WIC offices vary widely, depending on the state and the umbrella organization through which they're run. Sure, many of the nutritionists are bureaucratic and their "nutritional" advice is far from anything that I believe, but many others are extremely dedicated and well-informed, and make the sacrifice of working within the system in order to have the access to people who might otherwise not be exposed to more holistic viewpoints. (I know one WIC nutritionist who leads classes in babywearing, cloth diapering, yogurt making... and they are attended by moms who might not otherwise be exposed to this stuff) In my experience, as a mom receiving the benefits (mostly for the free breast pump) and then, for a time, working there, the priority of the people who work for WIC is to keep their numbers up and maximize their access to "at risk" families. They don't care how many of the checks you actually use or what you do with them, and while they can't officially condone your donating the stuff you won't use, when you think about it, the stuff they offer is mostly the stuff that our government heavily subsidizes, leading to surplus, anyway (conventional dairy and cheap grains- industries which are entirely propped up by subsidies). Why not let it go to families who might use it? I wouldn't ever use the formula- and I can't speak for whether you'll be able to offer breastmilk to your foster child- but whatever part of the package you're not going to use, why not just drop it at the food bank? (For a mom in great need, even if she's already on WIC, it's not going to cover all her food costs, and that stuff could make a big difference; also, WIC is only available to families who are here "legally", so for immigrants without legal status, those donations could also make a huge difference). Again, none of this is legitimate- I certainly wouldn't tell anyone "official" that I did this- but I do it myself, and if it's stealing, then it's "robin hood" style stealing and I'm okay with that. The government is already paying for big agriculture to grow these surpluses, WIC can only maintain it's funding by keeping it's numbers up, and I'm certainly okay with passing those surpluses on to the truly needy. What I've done is used the things that we'll use- the vegetable voucher, the cheese (you can actually get Cabot, which is RBGH free), the rice, and gratefully accepted their breastpump, and pass on the rest of it to people who need and more than we do and will use it.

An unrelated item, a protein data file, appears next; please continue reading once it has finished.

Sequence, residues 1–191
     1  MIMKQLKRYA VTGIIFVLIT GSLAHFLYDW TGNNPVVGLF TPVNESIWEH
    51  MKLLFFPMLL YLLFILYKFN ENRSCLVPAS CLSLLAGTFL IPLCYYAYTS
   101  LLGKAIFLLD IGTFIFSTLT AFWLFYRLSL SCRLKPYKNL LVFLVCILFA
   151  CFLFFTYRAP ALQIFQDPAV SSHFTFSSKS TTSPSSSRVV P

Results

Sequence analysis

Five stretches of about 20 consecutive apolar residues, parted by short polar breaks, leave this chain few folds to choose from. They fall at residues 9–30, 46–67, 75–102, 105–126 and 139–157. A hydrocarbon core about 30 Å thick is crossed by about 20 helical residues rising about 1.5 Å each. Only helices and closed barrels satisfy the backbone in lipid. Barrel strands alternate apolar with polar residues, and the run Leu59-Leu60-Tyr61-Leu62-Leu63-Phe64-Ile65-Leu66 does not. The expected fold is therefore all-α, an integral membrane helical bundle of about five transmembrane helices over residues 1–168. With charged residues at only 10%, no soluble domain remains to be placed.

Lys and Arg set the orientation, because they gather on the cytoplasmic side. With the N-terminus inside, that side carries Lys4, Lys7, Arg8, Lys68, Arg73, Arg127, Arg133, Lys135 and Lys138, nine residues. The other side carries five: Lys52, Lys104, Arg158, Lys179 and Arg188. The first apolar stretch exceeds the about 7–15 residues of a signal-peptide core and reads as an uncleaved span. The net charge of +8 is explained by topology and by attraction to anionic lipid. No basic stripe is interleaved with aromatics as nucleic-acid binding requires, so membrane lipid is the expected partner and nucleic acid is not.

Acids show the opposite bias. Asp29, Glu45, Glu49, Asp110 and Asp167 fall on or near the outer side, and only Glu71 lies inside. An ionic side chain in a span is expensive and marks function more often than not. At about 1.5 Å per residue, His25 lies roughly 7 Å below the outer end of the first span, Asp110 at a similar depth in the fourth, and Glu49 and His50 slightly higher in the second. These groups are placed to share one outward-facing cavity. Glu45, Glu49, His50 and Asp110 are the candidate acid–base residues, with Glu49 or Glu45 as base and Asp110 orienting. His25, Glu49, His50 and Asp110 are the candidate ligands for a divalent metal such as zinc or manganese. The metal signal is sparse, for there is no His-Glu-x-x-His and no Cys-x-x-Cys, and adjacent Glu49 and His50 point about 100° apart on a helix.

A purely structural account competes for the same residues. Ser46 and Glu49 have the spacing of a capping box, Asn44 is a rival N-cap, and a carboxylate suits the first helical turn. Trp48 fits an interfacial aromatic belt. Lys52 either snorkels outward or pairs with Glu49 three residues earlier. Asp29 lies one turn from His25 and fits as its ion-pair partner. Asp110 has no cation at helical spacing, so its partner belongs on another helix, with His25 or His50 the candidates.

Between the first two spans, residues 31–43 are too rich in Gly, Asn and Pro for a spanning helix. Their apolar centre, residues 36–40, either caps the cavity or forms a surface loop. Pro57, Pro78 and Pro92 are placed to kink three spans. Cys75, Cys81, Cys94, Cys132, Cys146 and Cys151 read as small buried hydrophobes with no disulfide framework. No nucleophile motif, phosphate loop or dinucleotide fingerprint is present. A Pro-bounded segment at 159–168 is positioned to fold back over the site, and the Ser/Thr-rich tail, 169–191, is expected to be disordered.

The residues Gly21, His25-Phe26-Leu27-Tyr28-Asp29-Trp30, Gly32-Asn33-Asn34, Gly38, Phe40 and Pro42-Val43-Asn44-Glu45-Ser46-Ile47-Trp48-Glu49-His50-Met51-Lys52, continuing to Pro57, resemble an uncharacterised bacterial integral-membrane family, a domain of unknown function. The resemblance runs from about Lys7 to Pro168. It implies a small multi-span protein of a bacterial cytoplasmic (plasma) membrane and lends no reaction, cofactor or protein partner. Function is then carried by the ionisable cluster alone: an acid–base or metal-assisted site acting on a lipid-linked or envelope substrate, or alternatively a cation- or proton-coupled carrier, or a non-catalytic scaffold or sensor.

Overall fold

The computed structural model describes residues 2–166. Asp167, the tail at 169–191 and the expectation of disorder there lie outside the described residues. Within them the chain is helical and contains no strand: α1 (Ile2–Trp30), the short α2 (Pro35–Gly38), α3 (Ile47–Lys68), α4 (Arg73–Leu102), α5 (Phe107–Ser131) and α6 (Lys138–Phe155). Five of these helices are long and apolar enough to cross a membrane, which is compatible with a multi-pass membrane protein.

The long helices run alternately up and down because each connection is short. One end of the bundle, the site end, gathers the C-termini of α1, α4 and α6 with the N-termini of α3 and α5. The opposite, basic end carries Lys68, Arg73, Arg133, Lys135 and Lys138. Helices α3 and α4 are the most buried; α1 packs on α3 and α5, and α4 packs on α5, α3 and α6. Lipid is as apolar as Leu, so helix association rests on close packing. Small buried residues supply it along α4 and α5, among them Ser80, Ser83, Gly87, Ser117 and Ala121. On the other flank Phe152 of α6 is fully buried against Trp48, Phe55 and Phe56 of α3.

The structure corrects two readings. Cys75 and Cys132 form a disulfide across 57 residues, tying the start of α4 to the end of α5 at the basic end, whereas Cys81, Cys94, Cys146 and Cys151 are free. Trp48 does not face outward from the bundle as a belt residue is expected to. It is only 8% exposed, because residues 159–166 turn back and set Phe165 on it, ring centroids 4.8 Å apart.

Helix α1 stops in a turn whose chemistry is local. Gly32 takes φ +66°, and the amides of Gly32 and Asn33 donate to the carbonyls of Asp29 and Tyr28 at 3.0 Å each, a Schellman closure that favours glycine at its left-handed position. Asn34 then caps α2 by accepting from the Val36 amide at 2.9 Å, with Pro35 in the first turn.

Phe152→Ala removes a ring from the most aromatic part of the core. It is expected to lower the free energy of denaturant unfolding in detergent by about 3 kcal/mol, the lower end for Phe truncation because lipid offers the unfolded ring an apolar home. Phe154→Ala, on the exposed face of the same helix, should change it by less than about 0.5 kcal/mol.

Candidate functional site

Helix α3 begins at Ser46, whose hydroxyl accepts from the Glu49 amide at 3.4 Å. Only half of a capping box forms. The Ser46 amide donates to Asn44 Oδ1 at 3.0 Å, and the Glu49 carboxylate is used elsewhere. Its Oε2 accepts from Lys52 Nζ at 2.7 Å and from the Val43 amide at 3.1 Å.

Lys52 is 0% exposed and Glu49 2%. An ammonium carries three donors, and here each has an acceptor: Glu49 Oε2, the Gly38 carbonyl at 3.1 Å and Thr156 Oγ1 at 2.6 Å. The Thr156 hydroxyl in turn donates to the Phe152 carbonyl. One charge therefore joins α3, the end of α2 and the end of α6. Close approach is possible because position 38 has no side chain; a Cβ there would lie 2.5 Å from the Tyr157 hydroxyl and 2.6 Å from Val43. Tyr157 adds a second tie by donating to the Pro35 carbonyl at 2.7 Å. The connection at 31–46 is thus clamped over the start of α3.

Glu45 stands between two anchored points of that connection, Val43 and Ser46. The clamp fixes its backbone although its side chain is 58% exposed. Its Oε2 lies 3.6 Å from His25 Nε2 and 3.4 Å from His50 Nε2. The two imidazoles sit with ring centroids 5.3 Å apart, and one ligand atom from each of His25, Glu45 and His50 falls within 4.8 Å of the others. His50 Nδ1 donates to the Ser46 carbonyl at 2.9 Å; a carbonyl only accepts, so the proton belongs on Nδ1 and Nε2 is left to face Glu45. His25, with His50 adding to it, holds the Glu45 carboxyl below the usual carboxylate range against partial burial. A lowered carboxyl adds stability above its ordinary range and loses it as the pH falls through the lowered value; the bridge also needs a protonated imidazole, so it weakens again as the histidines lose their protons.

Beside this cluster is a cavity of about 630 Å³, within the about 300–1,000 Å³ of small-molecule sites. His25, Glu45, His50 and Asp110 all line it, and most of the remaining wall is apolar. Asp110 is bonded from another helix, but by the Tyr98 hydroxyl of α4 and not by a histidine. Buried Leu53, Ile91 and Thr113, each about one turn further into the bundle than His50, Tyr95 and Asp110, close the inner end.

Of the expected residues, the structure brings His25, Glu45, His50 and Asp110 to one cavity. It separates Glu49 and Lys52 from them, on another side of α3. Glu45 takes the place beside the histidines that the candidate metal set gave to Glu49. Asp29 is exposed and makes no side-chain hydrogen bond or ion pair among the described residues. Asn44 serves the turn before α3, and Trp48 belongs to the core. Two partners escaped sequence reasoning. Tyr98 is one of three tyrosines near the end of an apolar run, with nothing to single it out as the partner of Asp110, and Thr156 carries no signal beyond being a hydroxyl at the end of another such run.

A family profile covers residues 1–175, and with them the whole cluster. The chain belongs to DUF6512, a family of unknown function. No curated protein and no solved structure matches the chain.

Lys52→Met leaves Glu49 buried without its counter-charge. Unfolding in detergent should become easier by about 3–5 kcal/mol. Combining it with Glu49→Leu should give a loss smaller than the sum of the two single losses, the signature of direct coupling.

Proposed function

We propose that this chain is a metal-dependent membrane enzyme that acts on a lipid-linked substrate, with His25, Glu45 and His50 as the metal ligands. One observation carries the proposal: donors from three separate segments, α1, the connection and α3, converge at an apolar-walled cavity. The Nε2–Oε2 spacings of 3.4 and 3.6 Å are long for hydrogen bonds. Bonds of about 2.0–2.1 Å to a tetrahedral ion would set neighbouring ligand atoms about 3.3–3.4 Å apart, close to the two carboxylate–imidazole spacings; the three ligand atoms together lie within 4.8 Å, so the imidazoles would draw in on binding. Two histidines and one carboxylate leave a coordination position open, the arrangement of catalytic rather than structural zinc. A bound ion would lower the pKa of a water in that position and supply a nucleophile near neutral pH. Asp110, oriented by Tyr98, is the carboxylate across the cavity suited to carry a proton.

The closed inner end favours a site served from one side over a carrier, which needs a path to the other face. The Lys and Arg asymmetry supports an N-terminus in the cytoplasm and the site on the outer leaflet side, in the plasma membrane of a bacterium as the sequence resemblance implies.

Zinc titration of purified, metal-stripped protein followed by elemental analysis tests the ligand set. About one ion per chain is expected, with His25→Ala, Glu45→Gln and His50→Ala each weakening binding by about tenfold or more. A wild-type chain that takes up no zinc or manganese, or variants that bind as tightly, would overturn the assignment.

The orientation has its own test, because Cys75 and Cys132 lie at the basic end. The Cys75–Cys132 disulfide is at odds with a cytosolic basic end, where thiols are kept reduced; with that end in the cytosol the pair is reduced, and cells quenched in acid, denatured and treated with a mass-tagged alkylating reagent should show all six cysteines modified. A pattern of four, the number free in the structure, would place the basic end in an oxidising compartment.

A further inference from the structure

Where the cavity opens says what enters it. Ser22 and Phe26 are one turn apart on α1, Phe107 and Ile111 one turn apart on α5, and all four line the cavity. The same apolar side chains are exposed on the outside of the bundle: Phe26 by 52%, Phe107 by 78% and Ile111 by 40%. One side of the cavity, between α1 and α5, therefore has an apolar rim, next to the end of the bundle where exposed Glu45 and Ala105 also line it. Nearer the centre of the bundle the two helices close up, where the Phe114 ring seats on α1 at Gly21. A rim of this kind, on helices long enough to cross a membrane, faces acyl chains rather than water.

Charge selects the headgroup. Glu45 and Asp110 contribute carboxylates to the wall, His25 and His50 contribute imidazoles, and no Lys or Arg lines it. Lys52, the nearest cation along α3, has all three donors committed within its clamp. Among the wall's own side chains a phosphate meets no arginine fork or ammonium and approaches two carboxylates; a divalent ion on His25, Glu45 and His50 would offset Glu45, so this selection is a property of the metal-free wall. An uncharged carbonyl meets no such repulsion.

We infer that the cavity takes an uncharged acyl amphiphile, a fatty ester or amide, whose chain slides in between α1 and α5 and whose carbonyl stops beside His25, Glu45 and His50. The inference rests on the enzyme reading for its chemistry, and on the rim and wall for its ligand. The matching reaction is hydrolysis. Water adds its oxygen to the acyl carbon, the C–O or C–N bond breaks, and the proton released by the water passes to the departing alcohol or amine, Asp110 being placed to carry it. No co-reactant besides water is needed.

A quick rundown of how the WIC program works now, because it's changed a little bit over the past year (I have no idea if the children's packages differ for foster families as part of the stipend)- they offer checks for food (the aforementioned conventional dairy stuff, cheap grains "cheapest available" eggs) as well as a few other things, the most valuable of which is a token $10 fruit-and-vegetable voucher) to the mom through pregnancy and the first six months of the baby's life- if the mom chooses to breastfeed, she receives a much larger food package, rather than formula, as well as unlimited free breastfeeding support. If the baby is formula fed, the mom still receives food for those six months, but less of it. The baby gets formula, and starts getting his own food checks starting at six months, when the mom is no longer eligible (even if she's nursing...), the baby continues to receive food until age five (but less- and far less than the pregnant moms).